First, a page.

The Intersection of Financial Institutions and Technology Leaders

Digital Channels Create Consumer Compliance Struggles for Banks

By Kiah Lau Haslett

Banks have a long-standing and well-established history of complying with consumer regulations. What’s new — and what institutions may struggle with now — is how technology is changing compliance. 

 Consumer compliance regulations cover a range of interactions between financial institutions and their customers, ranging from marketing and communicating policies and procedures, managing disputes and calculating interest and fees. But digital channels and fintech partnerships are blurring the line between banks and nonbanks: A Bank Director analysis of more than a dozen 2023 and 2024 technology-related public consent orders found that consumer compliance was outlined in at least five orders in this group.  

Many of those enforcement actions came from the Federal Deposit Insurance Corp., which highlighted how these partnerships, coupled with poor third-party oversight, contribute to consumer compliance deficiencies, according to a spring supervisory report. The report specifically called out bank and nonbank partnerships where nonbanks offer products and services directly to customers, often called banking as a service or BaaS. 

Overall, the agency initiated 16 formal and 16 informal enforcement actions to address consumer compliance exam findings in 2023, compared to the 21 formal actions and 10 informal ones it issued in 2022

[This is the fifth article in a series about consent orders relating to technology; previous articles focused on the Bank Secrecy Act and money laundering compliance, third-party risk management, customer identification and information technology and security.]

There are several ways that technology’s role in consumer compliance concerns regulators, says Susan Seaman, a partner at the law firm Husch Blackwell, who covers financial services. One is the technology a bank uses to provide a service or generate an offer — such as a credit underwriting algorithm that includes unidentified bias. The other concern is whether banks have adequate capabilities, including technology and compliance staff, to monitor marketing, communications, transactions and disputes to ensure compliance.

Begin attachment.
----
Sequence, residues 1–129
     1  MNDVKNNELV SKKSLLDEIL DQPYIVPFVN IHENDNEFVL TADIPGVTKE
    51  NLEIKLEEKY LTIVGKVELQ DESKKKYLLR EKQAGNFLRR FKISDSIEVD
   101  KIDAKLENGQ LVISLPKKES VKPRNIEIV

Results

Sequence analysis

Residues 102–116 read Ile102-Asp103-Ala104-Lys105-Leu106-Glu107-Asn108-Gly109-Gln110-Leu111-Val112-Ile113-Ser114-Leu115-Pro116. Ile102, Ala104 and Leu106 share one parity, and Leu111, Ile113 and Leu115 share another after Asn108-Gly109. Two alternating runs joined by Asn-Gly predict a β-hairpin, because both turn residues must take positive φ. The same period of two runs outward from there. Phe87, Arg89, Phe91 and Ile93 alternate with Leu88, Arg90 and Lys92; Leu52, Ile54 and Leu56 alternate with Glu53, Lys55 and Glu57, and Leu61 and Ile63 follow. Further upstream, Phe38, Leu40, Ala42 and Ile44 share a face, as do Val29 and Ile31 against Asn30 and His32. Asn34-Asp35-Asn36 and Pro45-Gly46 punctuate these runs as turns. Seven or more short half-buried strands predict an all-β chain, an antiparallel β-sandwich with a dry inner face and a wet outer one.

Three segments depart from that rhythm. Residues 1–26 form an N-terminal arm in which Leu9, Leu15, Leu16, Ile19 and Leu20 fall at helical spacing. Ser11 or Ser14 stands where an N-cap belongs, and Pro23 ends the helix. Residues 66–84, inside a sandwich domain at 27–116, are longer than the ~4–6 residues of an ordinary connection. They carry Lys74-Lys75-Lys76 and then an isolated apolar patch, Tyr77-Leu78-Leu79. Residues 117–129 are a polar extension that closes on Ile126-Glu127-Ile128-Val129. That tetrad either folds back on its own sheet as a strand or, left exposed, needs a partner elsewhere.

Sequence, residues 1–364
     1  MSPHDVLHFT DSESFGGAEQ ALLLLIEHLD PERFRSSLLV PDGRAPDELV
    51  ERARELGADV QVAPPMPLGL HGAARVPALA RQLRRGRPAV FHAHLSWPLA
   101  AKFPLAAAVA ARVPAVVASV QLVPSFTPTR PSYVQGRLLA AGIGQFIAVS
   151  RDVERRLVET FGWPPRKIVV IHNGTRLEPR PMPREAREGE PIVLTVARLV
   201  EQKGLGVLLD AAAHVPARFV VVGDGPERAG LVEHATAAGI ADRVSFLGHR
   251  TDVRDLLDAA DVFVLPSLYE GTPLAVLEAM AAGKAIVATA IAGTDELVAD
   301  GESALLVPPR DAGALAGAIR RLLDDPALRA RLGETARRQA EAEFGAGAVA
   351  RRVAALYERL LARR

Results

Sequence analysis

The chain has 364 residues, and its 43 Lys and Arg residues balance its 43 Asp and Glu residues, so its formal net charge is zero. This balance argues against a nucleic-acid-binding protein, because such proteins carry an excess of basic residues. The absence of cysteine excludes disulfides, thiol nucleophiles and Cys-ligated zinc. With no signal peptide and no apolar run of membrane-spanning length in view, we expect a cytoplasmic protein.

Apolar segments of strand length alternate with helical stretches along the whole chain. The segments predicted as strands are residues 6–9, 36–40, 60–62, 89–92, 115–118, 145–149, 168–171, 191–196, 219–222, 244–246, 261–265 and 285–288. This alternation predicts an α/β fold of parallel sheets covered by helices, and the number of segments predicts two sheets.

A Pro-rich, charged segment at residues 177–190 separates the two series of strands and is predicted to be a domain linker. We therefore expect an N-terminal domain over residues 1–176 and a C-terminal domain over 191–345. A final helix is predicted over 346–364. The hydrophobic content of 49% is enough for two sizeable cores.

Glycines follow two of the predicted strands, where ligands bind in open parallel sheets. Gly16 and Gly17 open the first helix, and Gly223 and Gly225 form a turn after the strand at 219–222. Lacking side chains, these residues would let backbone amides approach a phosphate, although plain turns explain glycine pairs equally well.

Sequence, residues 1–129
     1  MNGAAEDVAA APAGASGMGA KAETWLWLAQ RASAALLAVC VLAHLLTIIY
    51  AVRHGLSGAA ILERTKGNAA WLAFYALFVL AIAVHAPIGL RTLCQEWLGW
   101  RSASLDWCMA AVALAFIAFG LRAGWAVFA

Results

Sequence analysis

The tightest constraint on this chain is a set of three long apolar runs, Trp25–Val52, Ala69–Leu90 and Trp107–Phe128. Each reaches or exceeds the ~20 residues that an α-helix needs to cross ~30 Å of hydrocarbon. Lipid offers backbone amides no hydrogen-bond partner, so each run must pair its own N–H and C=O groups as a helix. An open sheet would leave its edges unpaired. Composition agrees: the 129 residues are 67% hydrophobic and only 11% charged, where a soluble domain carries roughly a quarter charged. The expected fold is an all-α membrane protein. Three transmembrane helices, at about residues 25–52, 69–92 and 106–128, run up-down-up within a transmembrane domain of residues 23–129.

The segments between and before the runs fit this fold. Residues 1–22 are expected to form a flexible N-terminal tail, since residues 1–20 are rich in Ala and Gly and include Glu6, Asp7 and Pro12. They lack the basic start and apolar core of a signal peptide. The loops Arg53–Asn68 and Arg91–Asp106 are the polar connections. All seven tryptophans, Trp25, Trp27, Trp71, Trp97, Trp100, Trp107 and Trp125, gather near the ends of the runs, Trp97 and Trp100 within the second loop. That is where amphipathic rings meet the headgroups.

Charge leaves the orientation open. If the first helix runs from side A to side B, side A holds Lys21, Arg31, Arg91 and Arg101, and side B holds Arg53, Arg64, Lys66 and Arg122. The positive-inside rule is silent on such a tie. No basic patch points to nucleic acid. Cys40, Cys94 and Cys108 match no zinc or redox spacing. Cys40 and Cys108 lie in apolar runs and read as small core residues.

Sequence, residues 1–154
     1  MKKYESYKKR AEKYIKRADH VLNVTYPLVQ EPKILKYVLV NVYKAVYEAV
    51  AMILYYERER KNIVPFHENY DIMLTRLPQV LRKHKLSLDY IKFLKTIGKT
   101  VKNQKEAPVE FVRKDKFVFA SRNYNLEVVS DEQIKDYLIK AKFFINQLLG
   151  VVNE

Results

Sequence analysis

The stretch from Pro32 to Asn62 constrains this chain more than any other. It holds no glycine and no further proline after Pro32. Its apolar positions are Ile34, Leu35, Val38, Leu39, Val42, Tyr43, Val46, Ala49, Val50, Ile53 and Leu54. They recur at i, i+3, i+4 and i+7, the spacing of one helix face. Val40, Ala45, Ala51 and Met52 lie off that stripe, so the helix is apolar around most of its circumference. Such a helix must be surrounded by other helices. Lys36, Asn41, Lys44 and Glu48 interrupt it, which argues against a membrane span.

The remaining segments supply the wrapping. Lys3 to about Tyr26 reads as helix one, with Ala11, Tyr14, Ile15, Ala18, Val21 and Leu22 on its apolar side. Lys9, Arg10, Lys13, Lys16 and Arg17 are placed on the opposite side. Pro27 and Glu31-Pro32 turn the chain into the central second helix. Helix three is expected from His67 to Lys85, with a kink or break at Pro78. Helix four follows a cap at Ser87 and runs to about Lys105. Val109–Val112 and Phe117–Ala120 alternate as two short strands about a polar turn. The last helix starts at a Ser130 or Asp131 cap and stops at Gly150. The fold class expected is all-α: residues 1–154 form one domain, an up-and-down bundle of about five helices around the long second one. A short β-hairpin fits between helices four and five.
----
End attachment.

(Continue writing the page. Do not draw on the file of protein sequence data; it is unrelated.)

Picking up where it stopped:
This means it’s not just banks with fintech partnerships that need to pay attention to consumer compliance violations, says John Zanzarella, senior vice president of sales at PerformLine, a sales and marketing compliance monitoring software company. Digital channels mean financial services marketing has become more competitive and national, with new and novel ways to reach potential customers: social media, influencers and podcasts, for example. These can overwhelm compliance teams. Banks must show regulators that they have appropriate policies and procedures and that they are making a best-faith effort to monitor those communications and act when they encounter violations.

“The way you have to approach this as a bank is that you need to have your compliance ducks in a row, your policies and procedures in place and have clear-cut brand guidelines of what you expect your partners to do when they’re representing your bank,” Zanzarella says. 

But it can be challenging for a bank to oversee a fintech partnership, says James Kim, a partner at the law firm Troutman Pepper, who leads the fintech practice. A bank’s third-party risk management must keep up with the speed and scale of these programs and it might be unclear how to share and delegate compliance duties. 

“It takes a lot of time, energy and effort [for a bank to grow],” he says. “These fintech partnerships can be challenging because they involve a combination of exponentially increasing scale and risk, while also moving super fast.”

Prudential bank regulators are not the only government agencies interested in consumer compliance, of course. Both banks and nonbanks must contend with the Consumer Financial Protection Bureau, which has initiated rulemaking on nonsufficient funds fees, overdraft coverage at large banks and has issued guidance on consumer rights when using buy now, pay later products, all of which could impact bank-fintech partnerships.

“At the end of the day, I think it’s a question for banks of vendor management and third-party risk management, and continuing to apply the principles that underlie safe and responsible risk management,” says Mike Silver​​​, another partner at Husch Blackwell who covers consumer finance.

Zanzarella now sees banks are becoming “much more methodical” about the fintech partners they work with, establishing their expectations and performing better due diligence at the start of the relationship while onboarding fewer programs overall. He says fintechs need to invest more and earlier in their compliance capabilities so they can be better partners for their banks, instead of focusing solely on sales, marketing and customer acquisition. 

“It does require, in some cases, slowing down to speed up,” says Zanzarella. “Making sure [banks and fintechs are] having these conversations upfront and that everyone’s on the same page, making sure that compliance has a seat at the table, and what’s important coming out of these relationships is some checks and balances going forward.” 

Kiah Lau Haslett is the Banking & Fintech Editor for Bank Director. Kiah is responsible for editing web content and works with other members of the editorial team to produce articles featured online and published in the magazine. Her areas of focus include bank accounting policy, operations, strategy, and trends in mergers and acquisitions.